Year two of the new organisation and things continued to improve. The team was strengthened with the addition of a full time coach from the start of season. Ivan Brown, once a member of the Winnipeg Jets' coaching staff, bought to the team a leadership and structure a player-coach would not be able to. Working with Ron Charbonneau and returning imports Thompson and Campbell, Brown assembled a team with, as ever, a lot of promise. New signings were led by the potentially high scoring import combination of Luc Chabot and the eventual player of the year Troy Kennedy. Dual national defender Darrin Zinger returned from a season with close rivals Slough Jets, and Nottingham goalie Steve Butler joined. However, Flames' had over filled their import quota, so Coach Brown had to sit one import forward in each game to avoid breaking the import regulations. By October though, Kennedy and Campbell had formed such a lethal scoring line with veteran Fred Perlini that Chabot was released.
Flames made little impression in the Benson and Hedges Cup, as they were unlucky enough to be drawn into the same group as the Premier powerhouses Sheffield Steelers and Nottingham Panthers. However, the league campaign was more promising and it was only their lack of games compared to the others (Flames regularly had five games in hand over the leading teams) that kept them out of the top five for most of the season. In fact, Flames enjoyed close games against many of the league's leading sides and provided the Spectrum's growing crowds with some great hockey.
By the transfer deadline in January, the team had a whole new look. Ronnie Evans-Harvey had been replaced by Dave Gregory, from Murrayfield, who eventually took over on defence, when Zinger was injured. Butler had gone to make way for his childhood hero, Dave Graham. At Christmas, Andy Sparks, the only Flame remaining from the original 92-93 team, retired from the sport to pursue a career in the City. In a fitting tribute in front of a full house, his no. 15 shirt was the first to be retired and hung from the rafters.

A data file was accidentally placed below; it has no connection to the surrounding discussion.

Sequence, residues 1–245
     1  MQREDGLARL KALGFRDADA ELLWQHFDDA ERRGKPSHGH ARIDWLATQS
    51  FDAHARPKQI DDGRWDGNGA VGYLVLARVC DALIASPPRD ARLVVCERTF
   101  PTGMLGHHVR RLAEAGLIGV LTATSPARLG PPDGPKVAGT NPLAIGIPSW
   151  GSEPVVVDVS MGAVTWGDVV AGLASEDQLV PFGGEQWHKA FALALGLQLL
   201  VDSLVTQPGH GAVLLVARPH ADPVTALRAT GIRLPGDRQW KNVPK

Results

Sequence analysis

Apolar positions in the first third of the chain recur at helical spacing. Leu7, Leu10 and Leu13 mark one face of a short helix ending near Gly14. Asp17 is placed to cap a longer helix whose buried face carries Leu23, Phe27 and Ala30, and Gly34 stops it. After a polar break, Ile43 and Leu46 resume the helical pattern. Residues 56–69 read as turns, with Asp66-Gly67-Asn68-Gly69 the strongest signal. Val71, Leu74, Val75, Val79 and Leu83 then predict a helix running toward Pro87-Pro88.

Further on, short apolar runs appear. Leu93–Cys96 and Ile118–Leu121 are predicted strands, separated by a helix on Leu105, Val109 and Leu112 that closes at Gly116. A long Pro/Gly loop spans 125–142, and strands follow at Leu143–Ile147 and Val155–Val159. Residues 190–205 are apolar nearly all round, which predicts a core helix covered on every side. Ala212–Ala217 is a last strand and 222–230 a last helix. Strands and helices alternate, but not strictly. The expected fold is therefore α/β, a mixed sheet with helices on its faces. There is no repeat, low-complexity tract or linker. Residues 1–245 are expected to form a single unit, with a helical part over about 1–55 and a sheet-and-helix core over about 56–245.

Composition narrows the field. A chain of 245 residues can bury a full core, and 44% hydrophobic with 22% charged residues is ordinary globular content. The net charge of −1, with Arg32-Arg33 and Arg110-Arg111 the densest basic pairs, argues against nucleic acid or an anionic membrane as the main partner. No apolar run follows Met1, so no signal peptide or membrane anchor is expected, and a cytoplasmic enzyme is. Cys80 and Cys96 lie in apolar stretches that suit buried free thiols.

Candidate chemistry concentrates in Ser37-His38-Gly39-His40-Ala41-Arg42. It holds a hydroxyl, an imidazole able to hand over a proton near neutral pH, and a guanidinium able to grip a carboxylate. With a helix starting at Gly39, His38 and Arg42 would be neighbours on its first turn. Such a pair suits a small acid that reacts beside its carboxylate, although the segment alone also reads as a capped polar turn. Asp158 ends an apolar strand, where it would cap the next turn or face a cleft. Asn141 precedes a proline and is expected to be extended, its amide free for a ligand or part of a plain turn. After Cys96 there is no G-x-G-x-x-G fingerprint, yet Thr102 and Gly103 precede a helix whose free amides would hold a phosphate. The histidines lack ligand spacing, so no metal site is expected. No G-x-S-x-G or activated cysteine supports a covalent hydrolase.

Graham's link with Solihull Barons enabled Flames to sign import Rylan Ferster. Despite problems earlier in the season Ferster was eligible as Kennedy and Thompson had, by this time, been awarded dual national status. Brown had also acquired Ville Lilja and Ilka Larva, the latter not staying many weeks, from the Finnish first division and two players who were very much responsible for Flames' success in the second half of the season. Portuguese-Canadian Paulo Silva; whose spirit and desire to win rubbed off on his team mates and showmanship meant he was instantly a fan favourite and "Super" Mario Belanger; who despite injury became Flames' top scorer in the playoffs. Even Flames' Management got in on the act, when general manager Ron Charbonneau made his goaltending comeback on 18 February with a 28- shot shutout against Billingham Bombers in his first league game in Britain.
Flames' finished one place higher than in the previous season and made their first appearance in the Promotion playoffs. Finishing third in a playoff group so close that three more goals would have put them in first place.